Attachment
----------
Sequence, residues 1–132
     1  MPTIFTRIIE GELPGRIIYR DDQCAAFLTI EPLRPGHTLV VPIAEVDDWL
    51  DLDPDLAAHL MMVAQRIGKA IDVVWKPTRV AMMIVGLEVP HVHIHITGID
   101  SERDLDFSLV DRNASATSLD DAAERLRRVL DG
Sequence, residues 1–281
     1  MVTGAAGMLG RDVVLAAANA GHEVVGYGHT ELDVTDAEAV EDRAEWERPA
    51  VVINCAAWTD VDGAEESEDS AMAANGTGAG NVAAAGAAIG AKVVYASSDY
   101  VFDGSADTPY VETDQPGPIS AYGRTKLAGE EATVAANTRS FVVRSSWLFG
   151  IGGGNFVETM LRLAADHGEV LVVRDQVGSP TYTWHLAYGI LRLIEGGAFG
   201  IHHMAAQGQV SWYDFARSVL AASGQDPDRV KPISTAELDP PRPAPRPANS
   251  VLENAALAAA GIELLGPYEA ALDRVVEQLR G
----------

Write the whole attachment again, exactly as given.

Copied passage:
Sequence, residues 1–132
     1  MPTIFTRIIE GELPGRIIYR DDQCAAFLTI EPLRPGHTLV VPIAEVDDWL
    51  DLDPDLAAHL MMVAQRIGKA IDVVWKPTRV AMMIVGLEVP HVHIHITGID
   101  SERDLDFSLV DRNASATSLD DAAERLRRVL DG
Sequence, residues 1–281
     1  MVTGAAGMLG RDVVLAAANA GHEVVGYGHT ELDVTDAEAV EDRAEWERPA
    51  VVINCAAWTD VDGAEESEDS AMAANGTGAG NVAAAGAAIG AKVVYASSDY
   101  VFDGSADTPY VETDQPGPIS AYGRTKLAGE EATVAANTRS FVVRSSWLFG
   151  IGGGNFVETM LRLAADHGEV LVVRDQVGSP TYTWHLAYGI LRLIEGGAFG
   201  IHHMAAQGQV SWYDFARSVL AASGQDPDRV KPISTAELDP PRPAPRPANS
   251  VLENAALAAA GIELLGPYEA ALDRVVEQLR G